AUTHOR: Clyde S. Kilby
PUBLISHER: Brewster, MA: Paraclete Press, 2016, (336 pages).
- Can a Christian devote his life and attention to the arts, especially when many unbelievers are dominating this field? Should Christians embrace or shun the arts?
- What can one gain by the study of art?
- Is art simply a flash of understanding or a long journey of struggles with things of life?
- Can Scripture be handled truthfully with aesthetics?
- Can a musical tone be moral?
- Where does the impulse for art come from?
- Is one's search for clarity an impediment for art?
- Could art be an answer to address the skeptical mind?
- Are the arts compatible with the spiritual life?
- Are the human senses in themselves sinful?
- Why must society see science as in the truth business while the non-sciences are not?
- How can art be an apologetic for faith?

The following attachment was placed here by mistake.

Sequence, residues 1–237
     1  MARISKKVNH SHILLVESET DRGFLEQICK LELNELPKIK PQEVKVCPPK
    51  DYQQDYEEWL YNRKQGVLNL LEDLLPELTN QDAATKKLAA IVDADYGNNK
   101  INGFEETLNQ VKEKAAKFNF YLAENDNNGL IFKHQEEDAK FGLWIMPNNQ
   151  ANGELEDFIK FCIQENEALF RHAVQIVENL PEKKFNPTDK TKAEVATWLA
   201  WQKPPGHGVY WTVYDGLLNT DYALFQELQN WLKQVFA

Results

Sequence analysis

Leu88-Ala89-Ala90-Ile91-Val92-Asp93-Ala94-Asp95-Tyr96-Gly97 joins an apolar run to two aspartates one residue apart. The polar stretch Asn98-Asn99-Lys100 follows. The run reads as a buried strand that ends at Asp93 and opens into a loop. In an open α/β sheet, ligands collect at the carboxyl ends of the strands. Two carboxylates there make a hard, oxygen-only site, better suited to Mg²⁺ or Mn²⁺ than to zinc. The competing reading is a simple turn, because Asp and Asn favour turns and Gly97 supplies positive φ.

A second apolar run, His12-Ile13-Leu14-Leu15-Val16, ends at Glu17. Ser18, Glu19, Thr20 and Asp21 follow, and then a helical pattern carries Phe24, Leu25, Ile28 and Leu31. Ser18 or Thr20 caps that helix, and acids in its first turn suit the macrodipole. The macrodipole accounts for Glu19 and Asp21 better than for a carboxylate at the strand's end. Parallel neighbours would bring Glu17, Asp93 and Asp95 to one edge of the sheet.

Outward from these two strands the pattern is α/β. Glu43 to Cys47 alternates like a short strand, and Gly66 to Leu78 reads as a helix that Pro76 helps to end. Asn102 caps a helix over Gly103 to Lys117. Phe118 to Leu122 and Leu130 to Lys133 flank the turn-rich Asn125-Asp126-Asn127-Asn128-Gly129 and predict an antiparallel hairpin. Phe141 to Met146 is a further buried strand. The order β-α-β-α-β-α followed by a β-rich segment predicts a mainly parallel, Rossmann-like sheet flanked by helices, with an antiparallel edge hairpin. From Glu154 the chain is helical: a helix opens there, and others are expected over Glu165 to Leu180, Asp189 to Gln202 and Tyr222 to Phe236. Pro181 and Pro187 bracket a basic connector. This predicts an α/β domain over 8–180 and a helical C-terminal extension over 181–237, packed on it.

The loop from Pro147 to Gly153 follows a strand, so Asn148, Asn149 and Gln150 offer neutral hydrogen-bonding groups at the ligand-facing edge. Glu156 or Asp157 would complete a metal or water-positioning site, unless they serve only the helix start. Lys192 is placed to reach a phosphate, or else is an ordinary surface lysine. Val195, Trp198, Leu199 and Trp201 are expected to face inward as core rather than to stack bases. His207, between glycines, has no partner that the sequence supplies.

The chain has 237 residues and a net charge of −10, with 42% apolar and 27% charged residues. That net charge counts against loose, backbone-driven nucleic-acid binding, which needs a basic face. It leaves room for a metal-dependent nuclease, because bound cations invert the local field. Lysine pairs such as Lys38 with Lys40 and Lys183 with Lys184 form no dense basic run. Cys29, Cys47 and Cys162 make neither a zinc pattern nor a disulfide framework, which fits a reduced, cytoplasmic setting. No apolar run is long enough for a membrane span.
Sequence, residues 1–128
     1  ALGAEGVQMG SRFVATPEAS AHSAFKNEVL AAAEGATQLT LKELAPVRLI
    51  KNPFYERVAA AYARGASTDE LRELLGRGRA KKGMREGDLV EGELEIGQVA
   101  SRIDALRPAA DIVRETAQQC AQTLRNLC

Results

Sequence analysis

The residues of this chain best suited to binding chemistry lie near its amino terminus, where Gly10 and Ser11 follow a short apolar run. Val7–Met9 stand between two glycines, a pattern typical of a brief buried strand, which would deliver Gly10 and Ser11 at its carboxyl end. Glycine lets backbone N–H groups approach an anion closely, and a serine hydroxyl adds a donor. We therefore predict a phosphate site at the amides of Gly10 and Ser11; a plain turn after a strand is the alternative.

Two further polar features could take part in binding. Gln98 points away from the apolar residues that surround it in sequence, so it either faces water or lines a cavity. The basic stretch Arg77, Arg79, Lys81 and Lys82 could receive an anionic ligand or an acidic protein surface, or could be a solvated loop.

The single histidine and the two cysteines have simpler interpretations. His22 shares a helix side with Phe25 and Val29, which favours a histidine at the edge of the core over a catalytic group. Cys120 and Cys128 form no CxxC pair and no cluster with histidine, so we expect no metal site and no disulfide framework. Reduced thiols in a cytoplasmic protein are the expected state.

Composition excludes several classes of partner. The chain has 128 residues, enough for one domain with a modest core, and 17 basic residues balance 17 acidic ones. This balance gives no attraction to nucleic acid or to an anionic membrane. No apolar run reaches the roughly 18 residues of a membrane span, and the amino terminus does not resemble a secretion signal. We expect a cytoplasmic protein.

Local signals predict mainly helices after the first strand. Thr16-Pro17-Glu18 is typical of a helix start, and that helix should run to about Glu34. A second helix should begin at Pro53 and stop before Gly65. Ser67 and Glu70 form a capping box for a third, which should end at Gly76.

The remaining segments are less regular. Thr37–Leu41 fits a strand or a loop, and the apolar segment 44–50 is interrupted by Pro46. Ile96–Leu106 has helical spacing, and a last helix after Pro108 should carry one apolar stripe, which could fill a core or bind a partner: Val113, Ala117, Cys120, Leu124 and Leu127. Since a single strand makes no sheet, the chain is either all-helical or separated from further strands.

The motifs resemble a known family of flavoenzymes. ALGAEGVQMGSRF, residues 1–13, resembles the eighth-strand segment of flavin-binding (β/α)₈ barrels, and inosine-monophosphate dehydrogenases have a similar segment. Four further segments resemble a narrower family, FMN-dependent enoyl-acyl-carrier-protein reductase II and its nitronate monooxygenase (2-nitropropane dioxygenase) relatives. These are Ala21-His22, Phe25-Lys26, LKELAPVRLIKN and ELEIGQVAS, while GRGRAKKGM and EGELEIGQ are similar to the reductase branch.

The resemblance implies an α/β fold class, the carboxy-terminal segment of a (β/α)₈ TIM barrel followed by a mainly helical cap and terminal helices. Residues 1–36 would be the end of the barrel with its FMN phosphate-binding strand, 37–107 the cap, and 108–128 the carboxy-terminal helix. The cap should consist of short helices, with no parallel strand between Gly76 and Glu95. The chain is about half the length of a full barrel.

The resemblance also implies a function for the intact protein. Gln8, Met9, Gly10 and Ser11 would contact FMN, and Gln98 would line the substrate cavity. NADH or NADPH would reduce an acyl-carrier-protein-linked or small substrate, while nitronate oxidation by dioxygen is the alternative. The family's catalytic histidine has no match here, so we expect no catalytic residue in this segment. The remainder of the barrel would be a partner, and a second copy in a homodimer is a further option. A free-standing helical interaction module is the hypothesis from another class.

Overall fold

These and many more form some of the many profound thoughts of Clyde Kilby, many of which have not even been broached by a typical clergyman or church goer. Divide in four parts, each part brings out a particular aspect of the arts to introduce readers into the reflection. The first part is called "Christianity, The Arts, and Aesthetics" where Kilby's apologetic concerns are highlighted. In fact, he cites both believers as well as secular artists and challenges us that the things and thoughts of God are evident in the creative pieces of art, both visual and imagined. We can try to take away God from our works but we cannot take away our inner search for God. We look into the relationship between Christianity and the Aesthetics, where Kilby argues that the Christian and theistic point of view leads to the highest expression of human creativity. He shows us the intriguing paradox of modern art where art is not necessary meaningful when objective. Neither do art need to be objective in order to be meaningful. The shape of the art is not about following a systematic list of steps but about an expression of what is happening inside the human soul. The second part is about the "Creation of the Artist" where Kilby challenges us to take the work of art as important as the way we treat the works of Lewis and Tolkien. Four articles taken from four lectures are used to justify this. As a vocation, the Christian could address the age-old relationship between Christ and culture. There is no contradiction as long as the Christian is fully oriented toward God. As an expression of beauty, Kilby takes issue with the ancient Hebrews who rejected the aesthetics on the basis of the second commandment and other misguided thinking. For the second commandment is not about rejecting art but about the misapplication about idolatry. As a personal vision, art enables one to come to God not just from a basis of 'belief' but a unique experience. On evangelicalism and human freedom, Kilby laments that we have suppressed the very nature of Christianity, that it is a "dangerous religion." We have unwittingly sought to reduce it to our human sense of clarity; to suppress the power of the gospel; and to explain away the deepest meaning of God's purposes. That is a reminder of one of my Professors, Iain Provan who contended that Christianity is a "Seriously Dangerous Religion." This is most evident in our attempts to try to tame the faith into cultural niceness, exchanging the truth for the lies of postmodernism. The third part is "Faith and the Role of the Imagination" where Kilby goes beyond justifying the role of art toward living out what art means. Imagination is key to faith. Dialogues are works of artistic expressions as it engages participants in interaction and creativity. The search for knowledge need the invocation of wisdom as well. Using the metaphor of quantity vs quality respectively, Kilby notes that the increase of knowledge has unfortunately made us more ignorant of the more important truths in life. If evangelicals fail to understand the importance of imagination, they will experience spiritual regress. In the Scriptures, imagination is about thinking, deliberating, meditating, weighing, and pondering. The Bible is a work of art, God's art. It is not a book of science or an encyclopedia of facts. It is the full expression of creation, the history of life, the nature of man, and the beauty of God. It is truth personified in Jesus Christ. Part Four deals specifically with "Poetry, Literature, and the Imagination." Readers get a better glimpse of Kilby's passion for poetry, the inspiration it brings, and the important role of fiction. The arts are powerful ways in which truth could be portrayed.